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[Editorial] Pact with Putin

Rajin-Khasan project is worth consideration


In November 2013, President Park Geun-hye held a summit with Russian President Vladimir Putin in Seoul and agreed to cooperate on a Russian-led project to develop a North Korean border port. It was hoped this would set the basis for a railway link from South Korea to Siberia.

At the summit, Seoul and Moscow signed a memorandum of understanding for South Korean businesses to participate in the “Rajin-Khasan project” established by North Korea and Russia in 2008 to modernize the 54-kilometer railway between the North’s Rajin and Russia’s Khasan.

It was part of Park’s “Eurasia Initiative.”

Russia was planning to use the rail-connected port as a key export point, while South Korean firms could ship exports first to Rajin for them to be transported as far as Europe via the Russian railway.

But the Eurasia Initiative has faced a possible collapse, as the Foreign Ministry of South Korea announced earlier this week that it would freeze the trans-Korea logistics project with Russia. The policy is part of Seoul’s unilateral sanctions on Pyongyang, which aim to squeeze the Kim Jong-un regime’s financial and shipping networks and foreign currency sources.

Through the pact, a South Korean consortium -- involving the Korea Railroad Corp., Hyundai Merchant Marine and POSCO -- was seeking to purchase a 34 percent stake in RasonKonTrans, the Russian-North Korean joint venture carrying out the rail and port renovation project.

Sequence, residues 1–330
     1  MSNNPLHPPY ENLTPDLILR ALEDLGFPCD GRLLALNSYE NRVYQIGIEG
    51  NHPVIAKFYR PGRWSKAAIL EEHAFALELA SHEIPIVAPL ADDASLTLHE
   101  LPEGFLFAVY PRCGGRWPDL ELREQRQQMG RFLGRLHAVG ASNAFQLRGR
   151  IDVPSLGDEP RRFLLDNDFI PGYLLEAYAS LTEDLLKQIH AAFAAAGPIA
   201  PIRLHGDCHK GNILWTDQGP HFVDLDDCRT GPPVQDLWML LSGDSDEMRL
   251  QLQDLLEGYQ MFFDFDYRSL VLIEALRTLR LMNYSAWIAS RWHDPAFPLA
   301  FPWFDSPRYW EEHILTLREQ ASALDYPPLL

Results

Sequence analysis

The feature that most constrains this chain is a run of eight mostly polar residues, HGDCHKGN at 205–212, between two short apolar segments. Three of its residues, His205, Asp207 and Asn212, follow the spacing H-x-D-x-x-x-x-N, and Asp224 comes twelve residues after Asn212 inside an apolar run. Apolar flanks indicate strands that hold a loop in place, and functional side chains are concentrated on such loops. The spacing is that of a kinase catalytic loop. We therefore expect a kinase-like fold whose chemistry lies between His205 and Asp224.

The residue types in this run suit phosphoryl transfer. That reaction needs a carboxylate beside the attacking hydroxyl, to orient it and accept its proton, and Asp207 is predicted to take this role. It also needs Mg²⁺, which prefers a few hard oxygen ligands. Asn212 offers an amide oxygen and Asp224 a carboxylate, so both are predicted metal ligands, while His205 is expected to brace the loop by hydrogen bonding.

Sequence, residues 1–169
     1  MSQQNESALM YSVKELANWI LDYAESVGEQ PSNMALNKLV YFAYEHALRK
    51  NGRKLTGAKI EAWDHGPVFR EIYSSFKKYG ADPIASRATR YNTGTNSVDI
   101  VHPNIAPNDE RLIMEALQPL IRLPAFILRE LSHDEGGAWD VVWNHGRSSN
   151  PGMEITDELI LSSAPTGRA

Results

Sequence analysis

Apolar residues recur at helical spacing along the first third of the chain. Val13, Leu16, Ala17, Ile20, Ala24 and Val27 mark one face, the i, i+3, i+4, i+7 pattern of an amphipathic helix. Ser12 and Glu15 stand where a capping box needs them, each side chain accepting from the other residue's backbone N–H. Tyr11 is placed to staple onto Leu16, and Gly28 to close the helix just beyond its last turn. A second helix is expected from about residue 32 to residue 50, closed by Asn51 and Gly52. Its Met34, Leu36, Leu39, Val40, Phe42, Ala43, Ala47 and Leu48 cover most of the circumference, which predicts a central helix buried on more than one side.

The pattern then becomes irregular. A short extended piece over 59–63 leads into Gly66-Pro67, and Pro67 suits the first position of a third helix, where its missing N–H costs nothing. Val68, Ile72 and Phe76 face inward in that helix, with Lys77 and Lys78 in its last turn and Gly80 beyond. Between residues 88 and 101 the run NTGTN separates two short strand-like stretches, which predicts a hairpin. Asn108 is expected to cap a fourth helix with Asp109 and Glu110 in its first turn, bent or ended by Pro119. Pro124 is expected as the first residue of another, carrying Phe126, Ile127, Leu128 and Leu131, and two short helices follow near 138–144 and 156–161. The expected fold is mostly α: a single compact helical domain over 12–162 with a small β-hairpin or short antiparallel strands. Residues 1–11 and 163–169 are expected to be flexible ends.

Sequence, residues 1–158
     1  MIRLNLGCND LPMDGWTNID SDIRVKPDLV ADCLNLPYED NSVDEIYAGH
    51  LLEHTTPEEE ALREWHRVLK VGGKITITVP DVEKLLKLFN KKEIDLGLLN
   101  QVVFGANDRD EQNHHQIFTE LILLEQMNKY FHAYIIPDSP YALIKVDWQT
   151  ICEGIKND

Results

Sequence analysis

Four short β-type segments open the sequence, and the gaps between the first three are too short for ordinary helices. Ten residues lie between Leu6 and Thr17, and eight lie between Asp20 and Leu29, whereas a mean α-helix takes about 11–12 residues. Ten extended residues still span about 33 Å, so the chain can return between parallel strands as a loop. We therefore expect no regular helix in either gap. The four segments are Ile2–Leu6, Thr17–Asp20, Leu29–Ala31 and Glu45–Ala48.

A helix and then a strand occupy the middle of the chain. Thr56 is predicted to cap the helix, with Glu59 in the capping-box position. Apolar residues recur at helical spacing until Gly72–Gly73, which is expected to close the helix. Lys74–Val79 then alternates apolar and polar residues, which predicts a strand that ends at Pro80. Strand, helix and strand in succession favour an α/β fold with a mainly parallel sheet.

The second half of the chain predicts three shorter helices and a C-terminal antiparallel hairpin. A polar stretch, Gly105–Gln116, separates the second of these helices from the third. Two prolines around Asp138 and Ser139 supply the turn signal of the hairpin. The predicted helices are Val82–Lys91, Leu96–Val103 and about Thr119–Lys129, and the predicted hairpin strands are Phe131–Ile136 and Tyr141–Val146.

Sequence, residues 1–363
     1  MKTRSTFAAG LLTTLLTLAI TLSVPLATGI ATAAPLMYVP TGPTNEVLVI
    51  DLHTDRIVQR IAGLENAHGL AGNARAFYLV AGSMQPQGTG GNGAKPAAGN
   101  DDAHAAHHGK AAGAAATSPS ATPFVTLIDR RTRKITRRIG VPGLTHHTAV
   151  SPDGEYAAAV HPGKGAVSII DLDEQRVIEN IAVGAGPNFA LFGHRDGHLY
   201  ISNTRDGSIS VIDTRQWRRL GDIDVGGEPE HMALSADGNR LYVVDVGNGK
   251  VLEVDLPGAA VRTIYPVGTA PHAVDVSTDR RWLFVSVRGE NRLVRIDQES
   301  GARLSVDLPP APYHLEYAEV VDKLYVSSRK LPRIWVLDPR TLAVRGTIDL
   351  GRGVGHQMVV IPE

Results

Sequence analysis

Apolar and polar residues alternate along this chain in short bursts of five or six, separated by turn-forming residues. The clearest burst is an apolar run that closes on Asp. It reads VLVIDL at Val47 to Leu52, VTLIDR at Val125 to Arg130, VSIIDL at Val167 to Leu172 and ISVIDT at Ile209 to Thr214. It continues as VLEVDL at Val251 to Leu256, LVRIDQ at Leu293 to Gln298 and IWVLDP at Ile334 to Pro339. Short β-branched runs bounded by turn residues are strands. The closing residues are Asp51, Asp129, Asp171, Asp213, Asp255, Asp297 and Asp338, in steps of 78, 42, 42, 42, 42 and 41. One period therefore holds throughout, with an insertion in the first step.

The sanctions on the North are necessary as long as they lead the wayward regime to the negotiation table on halting nuclear weapons development. But it seems that the hawkish attitude appears to have gone too far.

The Park administration needs to reconsider the nation’s economic gains and losses and its relations with Russia. The pact on the railway construction with the Russian leader could be a matter of trustworthiness on the global stage.

Diplomatic sources say that Seoul reportedly notified Moscow of the suspension of the Rajin-Khasan project on Monday, a day before the sanctions were announced.

Russia, a veto-wielding permanent member of the U.N. Security Council, approved the council’s new resolution reprimanding North Korea for its nuclear test and rocket launch. But the country has expressed opposition to Seoul imposing unilateral sanctions on Pyongyang.

There is no need to strain relations with Russia, which was a member of the six party talks on resolving the North Korean nuclear issue.

The government should not forget that Russia has continued to oppose the U.S.-led plan to deploy the Terminal High Altitude Area Defense system on the Korean Peninsula. Some pundits say that Russia’s resistance to the THAAD deployment over the years might be equivalent to that of China.

A Korean government official told reporters, “If there is progress on North Korea’s denuclearization, we would be able to reconsider whether to restart the project.” His remarks sound too idealistic and inflexible.

 

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